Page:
Kenya to Enact Harsher Punishments for Elephant, Rhino Poachers

Kenya plans to tackle a surge in the slaughter of elephants and rhinos with stiffer penalties including 15-year jail terms, according to the majority leader of parliament.

The proposed Wildlife Conservation and Management Bill seeks to increase the fine for offenses including unlawfully killing wild animals to as much as 10 million Kenyan shillings ($114,351) from 40,000 shillings, and raise the jail term to as many as 15 years from 10 years, according to a copy of the bill. Parliament’s first reading of the act is scheduled for today, according to the legislative agenda on its website.

“One of the issues is that the current punitive measures are very weak and we want to make them very harsh so we can deter people from poaching,” Aden Duale said in an interview in the capital, Nairobi, on Sept. 3.

Kenya banned the ivory trade in 1989 after the number of elephants dwindled to about 16,000 from as many as 167,000 in 1976. The government burned its 12-metric-ton ivory stockpile in a public demonstration organized by then President Daniel Arap Moi that the crime would no longer be tolerated.

The illegal killing of elephants has been on the rise again over the past few years with poaching at its highest level in a decade in Africa, fueled by global demand for ivory, particularly in China and Thailand, which has pushed up prices, according to Traffic, a wildlife trade-monitoring group. Rhino poaching has also been increasing in Africa because of growing black markets in Asia where the horn is used as an ingredient in traditional medicines, according to the World Wildlife Fund.

Declining Population

Poachers killed 34 rhinos in Kenya so far this year to August, a 17 percent increase on the whole of 2012, leaving 1,205. About 190 elephants were illegally slaughtered in the period, compared with 384 last year, putting the total population at 40,000, according to the government.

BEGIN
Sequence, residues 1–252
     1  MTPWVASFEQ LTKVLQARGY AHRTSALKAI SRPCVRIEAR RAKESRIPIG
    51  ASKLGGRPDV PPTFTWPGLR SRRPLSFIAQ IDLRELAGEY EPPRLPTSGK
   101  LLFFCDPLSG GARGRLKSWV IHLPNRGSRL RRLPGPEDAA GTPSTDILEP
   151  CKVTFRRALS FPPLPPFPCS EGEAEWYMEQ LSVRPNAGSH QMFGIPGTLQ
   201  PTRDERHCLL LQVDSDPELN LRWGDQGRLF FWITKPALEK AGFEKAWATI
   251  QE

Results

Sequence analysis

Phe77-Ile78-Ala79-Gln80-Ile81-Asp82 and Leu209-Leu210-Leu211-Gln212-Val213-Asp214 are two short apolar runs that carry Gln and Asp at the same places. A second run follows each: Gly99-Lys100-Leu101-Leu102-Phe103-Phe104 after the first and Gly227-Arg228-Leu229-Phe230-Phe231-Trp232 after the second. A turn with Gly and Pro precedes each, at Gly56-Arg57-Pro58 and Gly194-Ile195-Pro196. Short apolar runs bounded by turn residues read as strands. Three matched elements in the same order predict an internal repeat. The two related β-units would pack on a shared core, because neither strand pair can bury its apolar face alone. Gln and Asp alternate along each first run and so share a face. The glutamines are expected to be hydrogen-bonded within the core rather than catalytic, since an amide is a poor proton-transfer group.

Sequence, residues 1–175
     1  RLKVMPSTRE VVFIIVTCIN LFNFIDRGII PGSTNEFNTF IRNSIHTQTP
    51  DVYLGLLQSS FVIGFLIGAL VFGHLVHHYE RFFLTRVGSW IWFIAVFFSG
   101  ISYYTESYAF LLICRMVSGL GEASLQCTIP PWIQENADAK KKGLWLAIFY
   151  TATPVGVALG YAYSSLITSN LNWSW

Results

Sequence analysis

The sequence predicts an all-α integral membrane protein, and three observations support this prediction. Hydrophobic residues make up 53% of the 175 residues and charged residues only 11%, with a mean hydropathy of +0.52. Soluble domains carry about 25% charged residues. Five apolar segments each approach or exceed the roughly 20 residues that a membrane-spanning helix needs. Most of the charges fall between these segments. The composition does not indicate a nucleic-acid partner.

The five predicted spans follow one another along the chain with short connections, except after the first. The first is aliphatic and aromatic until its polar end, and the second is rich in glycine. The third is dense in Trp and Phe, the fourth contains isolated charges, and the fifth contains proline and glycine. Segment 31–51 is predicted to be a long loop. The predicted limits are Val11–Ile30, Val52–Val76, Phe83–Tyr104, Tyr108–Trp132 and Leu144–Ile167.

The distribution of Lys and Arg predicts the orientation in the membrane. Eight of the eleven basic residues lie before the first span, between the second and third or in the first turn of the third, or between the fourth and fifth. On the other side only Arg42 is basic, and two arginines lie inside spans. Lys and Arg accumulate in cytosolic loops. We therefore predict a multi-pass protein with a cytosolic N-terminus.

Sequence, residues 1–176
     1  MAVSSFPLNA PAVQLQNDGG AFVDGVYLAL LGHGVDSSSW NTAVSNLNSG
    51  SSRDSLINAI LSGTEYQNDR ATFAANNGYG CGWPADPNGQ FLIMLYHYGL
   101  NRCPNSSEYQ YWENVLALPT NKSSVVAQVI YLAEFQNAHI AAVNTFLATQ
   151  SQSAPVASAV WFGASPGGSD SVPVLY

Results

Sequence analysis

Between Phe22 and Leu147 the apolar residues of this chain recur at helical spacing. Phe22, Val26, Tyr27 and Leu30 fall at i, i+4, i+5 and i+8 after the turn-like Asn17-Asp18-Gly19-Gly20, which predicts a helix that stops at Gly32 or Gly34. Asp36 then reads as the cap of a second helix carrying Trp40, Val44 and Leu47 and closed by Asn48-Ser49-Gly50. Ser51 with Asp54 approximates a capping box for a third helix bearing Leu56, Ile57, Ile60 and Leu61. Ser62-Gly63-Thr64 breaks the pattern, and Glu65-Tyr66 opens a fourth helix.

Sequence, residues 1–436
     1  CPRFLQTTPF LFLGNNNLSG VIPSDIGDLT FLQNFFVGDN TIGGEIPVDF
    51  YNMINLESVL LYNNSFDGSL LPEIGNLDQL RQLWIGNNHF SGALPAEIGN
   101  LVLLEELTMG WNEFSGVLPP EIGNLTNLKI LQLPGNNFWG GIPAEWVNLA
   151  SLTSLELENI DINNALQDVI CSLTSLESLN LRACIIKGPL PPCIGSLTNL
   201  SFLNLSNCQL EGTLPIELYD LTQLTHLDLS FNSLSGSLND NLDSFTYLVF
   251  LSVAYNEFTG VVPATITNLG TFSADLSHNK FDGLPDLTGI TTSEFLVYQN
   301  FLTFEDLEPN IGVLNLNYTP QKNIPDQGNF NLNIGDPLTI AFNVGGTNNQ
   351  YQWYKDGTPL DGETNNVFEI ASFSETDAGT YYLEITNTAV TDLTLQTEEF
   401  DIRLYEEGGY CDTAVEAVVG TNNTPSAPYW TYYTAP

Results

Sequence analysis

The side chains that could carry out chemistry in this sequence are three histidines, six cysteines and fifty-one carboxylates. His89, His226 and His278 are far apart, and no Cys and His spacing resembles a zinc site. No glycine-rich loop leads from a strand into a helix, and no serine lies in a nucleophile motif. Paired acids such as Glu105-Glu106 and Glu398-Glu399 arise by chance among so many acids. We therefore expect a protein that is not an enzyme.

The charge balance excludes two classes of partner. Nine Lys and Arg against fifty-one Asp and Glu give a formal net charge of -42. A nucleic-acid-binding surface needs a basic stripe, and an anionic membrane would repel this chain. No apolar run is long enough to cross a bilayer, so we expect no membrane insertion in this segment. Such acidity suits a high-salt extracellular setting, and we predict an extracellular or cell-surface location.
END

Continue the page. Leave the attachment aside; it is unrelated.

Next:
The country is stepping up enforcement with plans to deploy paramilitary forces and acquire drones to track poachers.

Challenges in combating the illegal trade include corruption in the courts and the frequent collection of poor evidence by wildlife officials, Paula Kahumbu, the director of WildlifeDirect, a conservationist group, said by phone yesterday from Nairobi. Of the 157 poaching-related cases detected in Kenya in the past three years, less than 5 percent have been prosecuted and only 3 of those convicted were sentenced to jail, she said.

“If the current rate of poaching is not curbed, elephants could be extinct in 10 years because for every one elephant reported killed by authorities, another three or four have been killed but not reported,” Kahumbu said.

“With the current rate of breeding among elephants, their population should be increasing by 40 percent annually; instead it’s dropping by between 10 percent and 20 percent,” she said.

Conserving Kenya’s wildlife has economic rewards, Richard Lesiyampe, principal secretary in the ministry of environment and natural resources, said on Aug. 8. The country’s game parks are a major attraction for the almost 2 million tourists that travel to Kenya every year. Tourism is the country’s biggest source of foreign exchange earnings after tea exports.

To contact the reporter on this story: David Malingha Doya in Nairobi at dmalingha@bloomberg.net

To contact the editor responsible for this story: Nasreen Seria at nseria@bloomberg.net

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